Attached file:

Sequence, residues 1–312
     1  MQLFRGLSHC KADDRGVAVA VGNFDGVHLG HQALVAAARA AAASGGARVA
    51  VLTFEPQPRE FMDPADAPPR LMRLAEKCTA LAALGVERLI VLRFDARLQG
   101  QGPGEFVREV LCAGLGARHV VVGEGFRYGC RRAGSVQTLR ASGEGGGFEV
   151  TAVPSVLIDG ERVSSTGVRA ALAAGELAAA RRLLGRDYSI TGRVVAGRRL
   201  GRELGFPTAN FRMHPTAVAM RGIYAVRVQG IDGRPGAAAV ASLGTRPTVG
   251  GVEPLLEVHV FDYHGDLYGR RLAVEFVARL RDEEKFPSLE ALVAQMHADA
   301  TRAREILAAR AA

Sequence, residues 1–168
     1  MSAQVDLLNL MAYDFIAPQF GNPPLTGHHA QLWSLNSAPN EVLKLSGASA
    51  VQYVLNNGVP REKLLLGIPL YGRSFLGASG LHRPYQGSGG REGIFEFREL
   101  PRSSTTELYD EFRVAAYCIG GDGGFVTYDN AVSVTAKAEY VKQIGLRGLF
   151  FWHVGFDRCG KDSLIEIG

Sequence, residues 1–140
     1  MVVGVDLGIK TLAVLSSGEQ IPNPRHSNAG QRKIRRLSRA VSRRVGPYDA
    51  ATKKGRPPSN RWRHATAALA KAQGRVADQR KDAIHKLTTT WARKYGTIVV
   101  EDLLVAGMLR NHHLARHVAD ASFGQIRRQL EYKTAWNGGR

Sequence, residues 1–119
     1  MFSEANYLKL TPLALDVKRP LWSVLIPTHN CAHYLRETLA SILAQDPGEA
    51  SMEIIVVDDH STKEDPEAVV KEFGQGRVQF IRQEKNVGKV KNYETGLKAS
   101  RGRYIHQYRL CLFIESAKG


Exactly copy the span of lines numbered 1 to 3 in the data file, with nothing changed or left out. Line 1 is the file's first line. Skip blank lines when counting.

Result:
Sequence, residues 1–312
     1  MQLFRGLSHC KADDRGVAVA VGNFDGVHLG HQALVAAARA AAASGGARVA
    51  VLTFEPQPRE FMDPADAPPR LMRLAEKCTA LAALGVERLI VLRFDARLQG